Drink Wine Every Night Before Bed And Watch What Happens

When it comes to drinking alcohol, wine has long been believed to be the "healthiest" option. Wine is a source of antioxidants, and research has pointed to red wine, in particular, as being good for the heart, per Mayo Clinic. But while the narrative around this has always been that the benefits only exist when wine is consumed in moderation, new research is saying otherwise. According to the World Heart Federation (WHF), 2.4 million people worldwide died because of alcohol-related illnesses in 2019. This death rate accounts for 12.6% of men ages 15 to 49. In fact, the WHF attributes the loss of life to any alcohol consumption. In a culture that turns to alcohol for any number of reasons (or excuses), that's a difficult pill to swallow.

"It is important not to exaggerate the risk of moderate drinking and unduly alarm responsible consumers who are more than able to make informed decisions and enjoy alcohol sensibly if they chose to do so," chief executive of the Portman Group Matt Lambert told Bloomberg. "However, we recognize that everyone's circumstances are different and for some people, there is no safe level of drinking, we therefore encourage consumers to take a sensible and measured approach to risk." Although a mindful approach to drinking should keep most people away from drinking wine every night before bed, you still may want to know what happens if you do. Knowing the effects and results might make you re-evaluate your relationship with wine. Or maybe it won't.

It could mess with your sleep

Although the term "nightcap" exists, it doesn't mean that everyone who drinks before bed is going to get a good night's sleep. Both during and after drinking, the body needs to metabolize the alcohol so it can be eliminated. According to a 2001 study published in Alcohol Research & Health, while you may be able to sleep through the metabolization process, once the wine is gone, the body needs to readjust to the change which can disrupt what would be a normal sleep pattern. So there you are tossing and turning; you can't get back to sleep and trying to reach the Rapid Eye Movement (REM) level of sleep can be a struggle.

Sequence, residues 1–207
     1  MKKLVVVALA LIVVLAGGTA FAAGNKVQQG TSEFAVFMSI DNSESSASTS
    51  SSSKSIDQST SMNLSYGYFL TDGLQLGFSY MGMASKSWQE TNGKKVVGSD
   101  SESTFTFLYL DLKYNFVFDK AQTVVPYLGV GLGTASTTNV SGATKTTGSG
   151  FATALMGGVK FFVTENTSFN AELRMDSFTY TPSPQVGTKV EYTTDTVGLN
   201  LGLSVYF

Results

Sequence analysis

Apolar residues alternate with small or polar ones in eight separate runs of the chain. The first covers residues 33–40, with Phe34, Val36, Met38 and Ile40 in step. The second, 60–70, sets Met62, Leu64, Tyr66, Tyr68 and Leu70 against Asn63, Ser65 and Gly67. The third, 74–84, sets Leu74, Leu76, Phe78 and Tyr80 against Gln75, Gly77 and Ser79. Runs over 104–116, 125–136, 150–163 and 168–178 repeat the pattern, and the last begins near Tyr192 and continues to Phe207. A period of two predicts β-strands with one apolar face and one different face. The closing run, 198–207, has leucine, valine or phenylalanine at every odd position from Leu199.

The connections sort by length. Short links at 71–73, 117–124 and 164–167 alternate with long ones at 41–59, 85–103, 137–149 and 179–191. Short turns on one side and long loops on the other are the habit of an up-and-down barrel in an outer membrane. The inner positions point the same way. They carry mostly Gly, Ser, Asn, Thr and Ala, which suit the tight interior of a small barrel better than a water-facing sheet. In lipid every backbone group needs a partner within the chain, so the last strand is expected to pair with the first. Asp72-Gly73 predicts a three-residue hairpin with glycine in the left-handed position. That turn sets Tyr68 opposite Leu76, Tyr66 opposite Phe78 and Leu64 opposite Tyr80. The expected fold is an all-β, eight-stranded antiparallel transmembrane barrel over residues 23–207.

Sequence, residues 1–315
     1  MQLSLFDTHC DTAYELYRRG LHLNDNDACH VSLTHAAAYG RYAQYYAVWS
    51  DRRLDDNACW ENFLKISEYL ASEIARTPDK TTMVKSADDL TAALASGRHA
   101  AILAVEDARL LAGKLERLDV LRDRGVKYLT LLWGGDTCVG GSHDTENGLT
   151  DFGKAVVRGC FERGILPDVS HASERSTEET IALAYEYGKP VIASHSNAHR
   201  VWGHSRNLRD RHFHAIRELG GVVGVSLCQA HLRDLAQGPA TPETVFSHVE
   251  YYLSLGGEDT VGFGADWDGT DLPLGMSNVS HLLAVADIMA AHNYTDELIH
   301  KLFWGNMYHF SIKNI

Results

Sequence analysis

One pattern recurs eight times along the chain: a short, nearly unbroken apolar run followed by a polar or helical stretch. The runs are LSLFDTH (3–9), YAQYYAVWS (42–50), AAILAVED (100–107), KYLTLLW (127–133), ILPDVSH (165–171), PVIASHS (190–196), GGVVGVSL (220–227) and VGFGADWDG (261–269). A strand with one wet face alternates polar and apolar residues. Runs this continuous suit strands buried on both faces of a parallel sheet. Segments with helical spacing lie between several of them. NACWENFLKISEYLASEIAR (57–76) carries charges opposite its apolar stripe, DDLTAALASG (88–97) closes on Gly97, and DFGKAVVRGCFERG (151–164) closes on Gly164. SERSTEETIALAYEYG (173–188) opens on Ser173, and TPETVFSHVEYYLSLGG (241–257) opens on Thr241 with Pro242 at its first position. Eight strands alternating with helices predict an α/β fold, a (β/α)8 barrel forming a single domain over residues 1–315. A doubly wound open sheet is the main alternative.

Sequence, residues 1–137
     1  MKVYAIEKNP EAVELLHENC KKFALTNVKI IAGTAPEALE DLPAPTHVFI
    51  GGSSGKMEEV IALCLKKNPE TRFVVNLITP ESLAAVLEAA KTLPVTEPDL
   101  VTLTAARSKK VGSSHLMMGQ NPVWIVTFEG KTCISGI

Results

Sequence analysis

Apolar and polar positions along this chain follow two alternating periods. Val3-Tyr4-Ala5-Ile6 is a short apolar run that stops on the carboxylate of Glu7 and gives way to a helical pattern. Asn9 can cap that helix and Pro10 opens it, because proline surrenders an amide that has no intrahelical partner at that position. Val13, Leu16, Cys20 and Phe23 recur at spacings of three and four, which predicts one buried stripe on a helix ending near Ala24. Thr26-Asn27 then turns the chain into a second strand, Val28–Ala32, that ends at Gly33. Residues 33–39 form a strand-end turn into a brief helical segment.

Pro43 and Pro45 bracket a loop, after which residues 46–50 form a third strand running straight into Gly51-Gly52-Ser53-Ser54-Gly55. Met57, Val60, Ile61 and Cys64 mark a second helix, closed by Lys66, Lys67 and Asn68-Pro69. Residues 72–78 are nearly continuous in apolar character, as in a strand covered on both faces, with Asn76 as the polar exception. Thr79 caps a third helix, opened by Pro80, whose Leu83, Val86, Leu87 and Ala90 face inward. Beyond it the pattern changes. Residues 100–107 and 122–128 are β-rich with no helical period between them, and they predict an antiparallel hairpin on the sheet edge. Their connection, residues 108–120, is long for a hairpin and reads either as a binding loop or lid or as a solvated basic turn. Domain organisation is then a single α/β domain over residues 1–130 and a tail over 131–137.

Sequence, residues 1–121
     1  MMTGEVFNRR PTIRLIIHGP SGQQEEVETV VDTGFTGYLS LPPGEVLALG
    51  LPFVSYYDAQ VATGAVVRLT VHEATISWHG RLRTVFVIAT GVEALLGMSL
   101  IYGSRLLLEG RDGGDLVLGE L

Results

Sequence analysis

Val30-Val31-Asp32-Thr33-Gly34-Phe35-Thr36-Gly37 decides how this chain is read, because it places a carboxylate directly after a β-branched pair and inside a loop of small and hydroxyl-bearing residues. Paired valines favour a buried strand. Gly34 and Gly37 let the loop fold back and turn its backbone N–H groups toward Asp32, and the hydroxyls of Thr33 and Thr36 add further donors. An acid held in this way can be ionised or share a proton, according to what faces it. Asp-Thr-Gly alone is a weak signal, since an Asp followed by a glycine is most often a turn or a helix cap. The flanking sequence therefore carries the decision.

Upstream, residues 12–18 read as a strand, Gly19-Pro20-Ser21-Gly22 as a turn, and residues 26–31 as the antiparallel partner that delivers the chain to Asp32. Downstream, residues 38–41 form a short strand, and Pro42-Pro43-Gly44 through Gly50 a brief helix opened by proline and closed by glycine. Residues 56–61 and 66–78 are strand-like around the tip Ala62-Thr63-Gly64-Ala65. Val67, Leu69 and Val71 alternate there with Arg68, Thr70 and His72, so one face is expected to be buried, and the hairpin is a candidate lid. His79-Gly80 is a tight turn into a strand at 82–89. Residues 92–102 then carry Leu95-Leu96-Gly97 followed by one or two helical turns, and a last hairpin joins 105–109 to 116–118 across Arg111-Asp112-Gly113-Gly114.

"REM sleep is the deepest sleep, where you have your most vivid dreams," pulmonologist and sleep medicine specialist Aristidis Iatridis, M.D. told Piedmont. "It's probably the most restorative sleep. And alcohol can reduce the amount of REM sleep you have at night." Iatridis shared that if you stop drinking four hours before bed, you can help limit the amount of disruption you might encounter. He also points out, "People don't do that, but that would be optimal."

As we already know, not enough sleep doesn't just make people moody, cranky, and accident-prone, but the downsides don't stop there. According to 2022 research published by the National Heart, Lung, and Blood Institute, sleep deprivation can lead to depression, heart-related diseases, obesity, and diabetes.

It could negatively affect your skin

Whether it's wine or something else, alcohol dehydrates the body. Full stop. When the body is in need of hydration, it shows — especially on the face. Unless you're drinking as much water as you are wine every night, you better believe that the next morning your face is going to look like it's been put through the wringer. Multiple nights in a row? Kiss your perfect complexion goodbye.

"Alcohol is a toxin with little nutrient value and can contribute to poorer liver function, reduced immunity, hormone disruption, cell damage, and insulin issues all impacting on the quality, appearance, and aging of your skin," celebrity esthetician Sonya Dakar told Insider. "Alcohol is also a diuretic, so you can lose plenty of skin cell-loving water from the body quite rapidly, leaving your skin dehydrated and dull. I can always tell who is a drinker when I look at their skin and see puffy under eyes, red skin, or a red nose, pasty skin, and even broken capillaries." Yikes. While a red nose may look cute on Rudolph, and Pete Davidson sure makes those dark circles look alluring, these physical attributes aren't for everyone. It's also worth noting that the negative effect alcohol has on the immune system can make you prone to skin infections, per Medical News Today.

It can make you feel less depressed — to a degree

Wine in any situation can be relaxing and fun. It can also stave off depression — sort of. According to a 2013 study published in BMC Medicine, those who drink five to 15 grams of alcohol a day (two to seven drinks a week) have a lower risk of depression and significantly so. Great news, right? But that's where the good news ends. Drinking more than this amount can backfire.

Not only does drinking every night exacerbate depression in those who already have it, but it can lead to depression too, according to American Addiction Centers. If you've had one too many drinks and woken up the next morning with a "hang-xiety," alcohol-induced anxiety, then you already know alcohol can affect mental health. Because of the chemical changes that wine has on the brain, things can get darker resulting in deep depression and anger. Alcohol also impedes the brain's ability to process information and regulate emotions, so you can behave and think in ways that aren't normal for you. In time, with consistent nightly drinking, these things can spiral, according to the Mental Health Foundation of the UK.

Realistically, nothing good can come from drinking wine (or any alcohol!) every night. While its ability to help people relax, let their guard down, and be more social is undeniable, the damage it's causing is always there. Alcohol, even wine, is poisonous to the body. "It really causes profound physical effects across a variety of different systems," addiction psychiatrist Dr. Carl Erik Fisher told The New York Times. Everything is affected by drinking and it's rarely any good.